Where Have All the Young Girls Gone?

Where Have All the Young Girls Gone?
Yesterday was Christmas – a festival to mark the arrival of the son of god on earth; today is December 26: the first anniversary of the arrival of the big wave from the deep blue sea – the one which washed away millions of dreams. Yesterday, I saw a movie. A movie which spoke about 35 million pairs of innocent eyes which didn’t ever get the opportunity to dream. 35 million cries of the girl child – muffled. Inside and outside the womb.

Manish Jha portrays a nation without women – a Matrubhoomi (motherland). It seems to be a story well told. But what’s more disturbing than the incidents in the film, is that this is no story. Such ‘motherlands’ exist for real. Not only in remote villages, but more so in the urban jungles where modern technology meant to save lives is collaborating in the selective massacre of the female foetus.

The rawness and the violence in the movie made me think, but what touched my heart (and also moistened my eyes) was the cry of the baby girl – one of the most beautiful of sounds.

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About Soumyadip

Soumyadip Choudhury aka Somu aka Chaiwallah is an internet addict. His wife and family suspect that he is secretly married to his laptop. The electric shock that he got while trying to fix a neighbour's TV set as a kid, perhaps ignited his interest in everything tech. A do-it-yourself guy, he doesn't believe in hiring electricians, plumbers or carpenters. But often ends paying the professionals more to fix his botched jobs. Somu secretly wishes he knew how to code and also grumbles a lot.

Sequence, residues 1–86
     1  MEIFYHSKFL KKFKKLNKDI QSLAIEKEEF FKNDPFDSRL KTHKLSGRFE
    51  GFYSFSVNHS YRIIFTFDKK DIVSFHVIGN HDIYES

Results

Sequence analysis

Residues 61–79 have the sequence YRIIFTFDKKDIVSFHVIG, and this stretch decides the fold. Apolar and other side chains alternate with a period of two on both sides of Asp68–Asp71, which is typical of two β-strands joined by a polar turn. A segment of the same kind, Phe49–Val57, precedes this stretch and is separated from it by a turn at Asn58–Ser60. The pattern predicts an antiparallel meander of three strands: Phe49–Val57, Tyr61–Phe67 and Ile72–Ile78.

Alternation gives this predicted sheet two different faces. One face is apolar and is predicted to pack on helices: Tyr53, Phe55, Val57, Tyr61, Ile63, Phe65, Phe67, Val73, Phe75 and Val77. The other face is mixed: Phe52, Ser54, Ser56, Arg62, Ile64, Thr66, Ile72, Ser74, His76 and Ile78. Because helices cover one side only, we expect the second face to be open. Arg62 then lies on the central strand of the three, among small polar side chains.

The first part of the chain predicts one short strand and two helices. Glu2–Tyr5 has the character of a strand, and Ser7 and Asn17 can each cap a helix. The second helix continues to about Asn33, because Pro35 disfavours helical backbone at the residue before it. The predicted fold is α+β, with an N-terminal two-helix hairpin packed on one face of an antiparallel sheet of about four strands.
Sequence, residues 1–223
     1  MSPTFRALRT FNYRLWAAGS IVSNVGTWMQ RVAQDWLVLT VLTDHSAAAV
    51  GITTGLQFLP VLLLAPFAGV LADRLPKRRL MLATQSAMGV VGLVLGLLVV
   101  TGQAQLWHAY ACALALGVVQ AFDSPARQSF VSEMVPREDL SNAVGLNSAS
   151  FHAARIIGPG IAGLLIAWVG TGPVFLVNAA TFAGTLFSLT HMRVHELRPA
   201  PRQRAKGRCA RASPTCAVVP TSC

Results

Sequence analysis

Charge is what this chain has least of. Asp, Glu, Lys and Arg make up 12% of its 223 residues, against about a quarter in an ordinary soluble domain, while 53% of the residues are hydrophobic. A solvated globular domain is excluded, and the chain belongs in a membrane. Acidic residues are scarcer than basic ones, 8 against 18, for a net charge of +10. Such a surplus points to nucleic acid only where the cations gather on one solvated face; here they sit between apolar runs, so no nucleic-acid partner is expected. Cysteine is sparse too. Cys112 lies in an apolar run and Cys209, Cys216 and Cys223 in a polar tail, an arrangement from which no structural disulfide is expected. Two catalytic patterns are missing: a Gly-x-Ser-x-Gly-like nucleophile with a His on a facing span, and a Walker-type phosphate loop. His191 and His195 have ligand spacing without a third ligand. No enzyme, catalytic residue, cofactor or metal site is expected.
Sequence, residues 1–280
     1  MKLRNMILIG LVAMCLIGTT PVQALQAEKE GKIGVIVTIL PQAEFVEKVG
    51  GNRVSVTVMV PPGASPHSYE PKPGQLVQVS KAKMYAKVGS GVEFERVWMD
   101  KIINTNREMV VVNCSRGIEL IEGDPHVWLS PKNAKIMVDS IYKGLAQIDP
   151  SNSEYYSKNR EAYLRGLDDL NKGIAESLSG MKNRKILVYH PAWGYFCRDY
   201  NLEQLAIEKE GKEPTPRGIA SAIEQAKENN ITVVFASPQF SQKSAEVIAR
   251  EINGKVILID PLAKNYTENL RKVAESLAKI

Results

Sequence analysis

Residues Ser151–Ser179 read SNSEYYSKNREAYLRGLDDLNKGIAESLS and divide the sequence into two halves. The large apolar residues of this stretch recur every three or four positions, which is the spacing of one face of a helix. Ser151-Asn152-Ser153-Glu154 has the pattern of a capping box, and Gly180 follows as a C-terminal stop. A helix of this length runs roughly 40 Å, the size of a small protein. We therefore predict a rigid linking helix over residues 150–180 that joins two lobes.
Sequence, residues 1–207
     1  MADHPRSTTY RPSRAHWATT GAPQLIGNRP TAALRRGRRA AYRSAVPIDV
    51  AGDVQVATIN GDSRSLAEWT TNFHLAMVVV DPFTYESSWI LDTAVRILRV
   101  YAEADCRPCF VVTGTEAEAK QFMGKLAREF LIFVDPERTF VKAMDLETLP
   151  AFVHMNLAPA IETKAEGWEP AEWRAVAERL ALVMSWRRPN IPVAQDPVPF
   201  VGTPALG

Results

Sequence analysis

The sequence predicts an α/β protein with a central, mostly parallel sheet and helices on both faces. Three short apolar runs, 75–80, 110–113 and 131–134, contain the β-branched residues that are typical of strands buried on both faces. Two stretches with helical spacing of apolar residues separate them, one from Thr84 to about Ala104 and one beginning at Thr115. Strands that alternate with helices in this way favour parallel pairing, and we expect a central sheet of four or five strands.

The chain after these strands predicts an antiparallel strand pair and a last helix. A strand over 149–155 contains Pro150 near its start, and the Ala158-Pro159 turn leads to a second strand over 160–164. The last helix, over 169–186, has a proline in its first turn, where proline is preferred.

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6 Responses to Where Have All the Young Girls Gone?

  1. Thoughtless Maniac says:

    Matrubhumi was gruesome. It gave me creeps while watching it. Even though it conveys the message, it really was gruesome!

  2. AquaM says:

    Maybe I’ll avoid watching this movie. But talking about tragedies, I actually took post-tsunami footage for a documentary that a friend of mine was making. Plain horrible.Celebrating life and death all at the same time..bloody weird!

  3. R says:

    This flick was disturbing.. But was well made.

  4. Anonymous says:

    Absolutely unrelated to the post.. your picture is very nice.. it got me here and i like your blog.

  5. aklanta says:

    I’m yet to go through 3/4th of the film…the portion I have watched made me realise that I am also one of the contributors to the discrimination…you need courage to face bitter realities and this (of facing the truth) is the force that is keeping the age old stigma alive in our societies…

  6. Accidental Fame Junkie says:

    Female infanticide: A terrible terrible thing to afflict the world. Does it taken an Einstein to make out that the human race needs both men and women to survive?Tsunami: I went on a walk on Dec 27 in one of the little fishing villages that was destroyed on Dec 26th Tsunami. The sight was plain traumatic. The people were all in shock which kind of worked to our advantage because otherwise we would have been molested to walk into a rather rough area.

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